Biometric voter registration

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Biometric voter registration implicates using biometric technology (capturing unique physical features of an individual – fingerprinting is the most commonly used), most of the times in addition to demographics of the voter, for polling registration and/or authentication. The enrollment infrastructure allows collecting and maintaining a database of the biometric templates for all voters.

A biometric voting project might include introducing biometric registration kits for enrolment of voters; using electronic voter identification devices before and on Election Day; issuing of voter identification documents (i.e. biometric voter cards), among others. The chronological stages for adopting a biometric voting registration project usually include assessment; feasibility studies; securing funding; reviewing legislation; doing pilot projects and mock registration exercises; procurement; distribution of equipment, installation, and testing; recruitment and training of staff; voter information; deployment and, post-election audits.[1][2][3]

The final aim of implementing biometric election technology is achieving de-duplication of the voting register,[4] thus preventing multiple voter registration and multiple voting; improving identification of the voter at the polling station, and mitigating the incidence of voter fraud (e.g. buy/rent of voters IDs before an election).[citation needed]

However, it is vital that commissions carrying out these election projects first and foremost guarantee that the legal framework supports biometric voter identification,[5][6] and then that the data captured during the registration process will be secured while maintaining two basic requirements: personalization and privacy. Likewise, it is imperative to have contingency mechanisms in place, in case biometric systems malfunction. One of the main challenges is to ensure that given the eventualities of technological hitches and failures, not a single voter is disenfranchised.[7]

Countries with biometric voter registration[edit]

According to International IDEA's ICTs in Elections Database,[8] as of 2016, the number of countries adopting biometrics in elections has steadily increased to over 50, with significant differences between regions. "While there are virtually no users in Europe, about half of the countries in Africa and Latin America use this technology in elections."[9] 35 per cent of over 130 surveyed Electoral Management Bodies is capturing biometric data (such as fingerprints or photos) as part of their voter registration process (2016).[1]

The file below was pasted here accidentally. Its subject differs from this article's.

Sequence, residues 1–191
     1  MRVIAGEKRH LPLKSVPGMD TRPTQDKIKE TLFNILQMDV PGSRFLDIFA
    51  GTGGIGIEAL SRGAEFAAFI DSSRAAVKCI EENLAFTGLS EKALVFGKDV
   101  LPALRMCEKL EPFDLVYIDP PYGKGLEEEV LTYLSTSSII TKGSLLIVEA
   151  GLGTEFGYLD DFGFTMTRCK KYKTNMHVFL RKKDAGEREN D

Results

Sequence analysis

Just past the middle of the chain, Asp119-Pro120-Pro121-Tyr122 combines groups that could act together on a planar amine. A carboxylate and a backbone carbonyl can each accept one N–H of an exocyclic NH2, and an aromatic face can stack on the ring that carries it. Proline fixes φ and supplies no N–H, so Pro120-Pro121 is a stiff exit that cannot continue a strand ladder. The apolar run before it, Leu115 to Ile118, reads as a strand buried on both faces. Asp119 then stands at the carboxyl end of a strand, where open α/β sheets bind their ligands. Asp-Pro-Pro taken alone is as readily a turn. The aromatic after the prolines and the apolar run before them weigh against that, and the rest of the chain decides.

Countries which have used Biometric voting registration include Armenia,[10][11] Angola,[12][13] Bangladesh,[14][15] Bhutan,[16] Bolivia,[17][18] Brazil,[19][20] Burkina Faso,[21] Cambodia,[22][23] Cameroon,[24] Chad,[25][26] Colombia,[27][28] Comoros,[29][30] Congo (Democratic Republic of),[31][32] Costa Rica,[citation needed] Cote d'Ivoire,[33] Dominican Republic,[34] Fiji, Gambia,[35] Ghana,[36] Guatemala, Guinea,[37] India,[38][39] Iraq, Kenya,[40][41] Lesotho, Liberia, Malawi, Mali, Mauritania, Mexico,[9][42] Morocco, Mozambique,[43] Namibia,[44][45] Nepal,[46] Nicaragua, Nigeria,[47][48] Panama, Peru,[9] The Philippines,[49][50] Senegal, Sierra Leone,[51][52] Solomon Islands, Somaliland,[53] Swaziland, Tanzania,[54] Uganda,[55][56][57] Uruguay, Venezuela,[9] Yemen,[58] Zambia,[59] and Zimbabwe.[60][61]

Advocacy and criticism[edit]

Some promoters of biometric voting registration point out that this technology, if properly customized to the country's needs and well implemented, could offer better accessibility for citizens; help avoiding long queues and waiting times for registration and voting; add simplicity and speed to the election cycle (e.g. voter identification documents can make it easier for polling staff to verify voter details);[6] make voters and Commissions feel confident about the quality of their registry (more accurate, reliable and complete data); improve e-voting security,[62][63] considerably reduce or eliminate multiple registration and multiple voting, while mitigating the risk of impersonation, identity theft, the misuse of records of deceased voters, carousel voting and ballot-box stuffing.[47][1]

On the other hand, those who criticise and disapprove the use of biometrics for voter identification maintain that using biometrics for election purposes raises concerns over voters' privacy, human dignity and governmental disclosure of personal information.[5][64] Some critics go further to claim that biometrics in voting poses a serious threat to democracy, due to fears of violation of the secrecy of the vote (or correlation voter-vote).[65]

The concerns as with any other application of biometrics for identification and authentication can be manifold.[66][3] There is, for example, the possibility of voter disenfranchisement when characteristics typically used to identify or verify voters might become unavailable (e.g. bandaged finger, loss of a finger, failure to acquire due to dirt or fingerprint quality degradation).[1][65] Similarly, there are also claims of potential logistical and procedural "new problems" that biometric identification devices can bring to an election cycle: increasing costs (initial purchase costs of biometric readers and infrastructure, costs linked to maintenance, storage and upgrades) and resources' allocation (human, time, material); additional training of commissions and polling staff, technological failures that could disenfranchise voters; and extra data storage that demands higher security.[4][7]

See also[edit]


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